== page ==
The Era of Ultra-Low Interest Rates Is Over – Start Reviewing Your Transfer Pricing Policies Now

In an important shift, the world has bid farewell to the era of near-zero short-term interest rates that persisted for over a decade. Short-term interest rates in the US were near zero from 2008 to 2016 and experienced a similar trend for a significant part of 2020 and 2021. During 2018 and 2019, the rates briefly surpassed 2%.  With short-term U.S. Treasuries rates now surpassing 5%, a major change in the financial landscape has arrived, demanding immediate attention to the transfer pricing policies of multinational enterprises (MNEs) engaging in intercompany financial transactions.

Why It Matters: For years, business managers became used to foregoing a detailed assessment of market conditions when issuing intercompany loans. With rising interest rates, tax managers must pay close attention to current and proposed intercompany financing to ensure compliance with the arm’s length principle, minimize risk and seize potential opportunities.

The Challenge: One of the most pressing questions in this evolving financial ecosystem revolves around financial transactions and benchmarks. With a higher interest rate environment and short-term rates above the long-term ones comes the need to assess not only the risk profile of borrowers but also the market conditions more meticulously than at any point in the past years.

The Key Question: How does the arm’s length principle influence the nature of a loan? This determination hinges on a rigorous evaluation process akin to the criteria used by third-party lenders when deciding interest rates and related terms and conditions. This process entails assessing:

  • The amount and currency of the loan;
  • A comprehensive risk profile and debt-capacity analysis of the borrower;
  • Maturity and schedule of repayment;
  • Purpose of the loan (working capital, merger/acquisition, among others);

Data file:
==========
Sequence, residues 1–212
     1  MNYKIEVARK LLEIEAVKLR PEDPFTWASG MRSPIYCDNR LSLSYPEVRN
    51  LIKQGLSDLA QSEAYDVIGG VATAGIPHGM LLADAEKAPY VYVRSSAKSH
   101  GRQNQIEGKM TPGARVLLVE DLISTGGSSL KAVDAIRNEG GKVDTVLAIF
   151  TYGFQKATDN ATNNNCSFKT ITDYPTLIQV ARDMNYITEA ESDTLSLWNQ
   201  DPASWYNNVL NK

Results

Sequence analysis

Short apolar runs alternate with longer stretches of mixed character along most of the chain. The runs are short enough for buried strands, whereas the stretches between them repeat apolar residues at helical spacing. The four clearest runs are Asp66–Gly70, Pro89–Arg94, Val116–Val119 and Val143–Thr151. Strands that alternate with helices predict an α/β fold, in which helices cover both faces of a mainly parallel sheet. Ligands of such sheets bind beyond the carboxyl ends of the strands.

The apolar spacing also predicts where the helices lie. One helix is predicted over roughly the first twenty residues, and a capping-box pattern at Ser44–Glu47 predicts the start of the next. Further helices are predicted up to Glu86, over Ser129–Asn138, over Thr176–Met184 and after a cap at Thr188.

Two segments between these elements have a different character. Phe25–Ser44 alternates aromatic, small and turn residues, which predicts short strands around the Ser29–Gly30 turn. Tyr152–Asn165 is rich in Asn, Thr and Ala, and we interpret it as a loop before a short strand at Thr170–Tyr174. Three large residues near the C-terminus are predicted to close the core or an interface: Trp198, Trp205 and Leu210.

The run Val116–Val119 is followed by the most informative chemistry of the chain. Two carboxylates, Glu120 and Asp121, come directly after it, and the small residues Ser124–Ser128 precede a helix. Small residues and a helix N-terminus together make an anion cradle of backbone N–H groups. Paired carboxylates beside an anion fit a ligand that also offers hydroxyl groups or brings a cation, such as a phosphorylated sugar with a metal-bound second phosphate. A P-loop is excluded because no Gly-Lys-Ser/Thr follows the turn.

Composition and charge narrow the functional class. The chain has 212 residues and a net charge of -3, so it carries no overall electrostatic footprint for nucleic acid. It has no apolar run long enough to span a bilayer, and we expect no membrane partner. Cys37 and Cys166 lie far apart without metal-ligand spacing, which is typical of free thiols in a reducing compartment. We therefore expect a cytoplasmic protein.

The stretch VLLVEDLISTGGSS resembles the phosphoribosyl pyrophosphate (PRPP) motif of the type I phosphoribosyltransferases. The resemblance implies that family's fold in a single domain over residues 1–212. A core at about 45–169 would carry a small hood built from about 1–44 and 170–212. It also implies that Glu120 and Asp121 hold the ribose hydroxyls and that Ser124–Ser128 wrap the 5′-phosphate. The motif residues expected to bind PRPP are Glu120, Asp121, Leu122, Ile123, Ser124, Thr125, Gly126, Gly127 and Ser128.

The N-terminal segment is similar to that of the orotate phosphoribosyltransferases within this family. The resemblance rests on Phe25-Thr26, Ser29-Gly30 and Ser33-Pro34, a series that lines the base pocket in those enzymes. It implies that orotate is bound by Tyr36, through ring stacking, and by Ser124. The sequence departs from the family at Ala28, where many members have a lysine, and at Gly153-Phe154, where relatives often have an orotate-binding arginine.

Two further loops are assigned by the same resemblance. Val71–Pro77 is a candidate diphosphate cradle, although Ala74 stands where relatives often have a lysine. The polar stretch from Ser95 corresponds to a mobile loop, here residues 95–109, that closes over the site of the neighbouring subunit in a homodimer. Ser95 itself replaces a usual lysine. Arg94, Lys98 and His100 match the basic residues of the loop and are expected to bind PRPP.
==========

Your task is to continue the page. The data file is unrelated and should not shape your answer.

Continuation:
• Level of seniority and subordination;
  • Geographical location of the borrower;
  • Presence and quality of any guarantee;
  • Whether the interest rate is fixed or floating;
  • Collateral used to secure the loan, including the actual availability of pledged assets; and
  • The liquidity position of the lender.

What to Do Next: It is important to evaluate current intercompany financing flows and where needed to prepare and renew benchmarks for intercompany loans. The transfer pricing policies for intercompany financial transactions that in the past were valid for years can now be obsolete after months of rising interest . Taxpayers should take concrete steps to minimize risk, including, but not limited to, evaluating intercompany loans’ floating rate, looking for alternative means of capitalizing subsidiaries, streamlining in-house cash processes, and selecting the appropriate financing horizon by balancing costs and repayment capacity.

Are you prepared for this new era of financial strategy? Contact us to stay compliant and plan your group financing strategy accordingly.

Please do not hesitate to reach out to us with any questions or comments at

Sol Assi – senior associate, BaseFirma USA –

Andrés Stante – senior associate, BaseFirma Chile –








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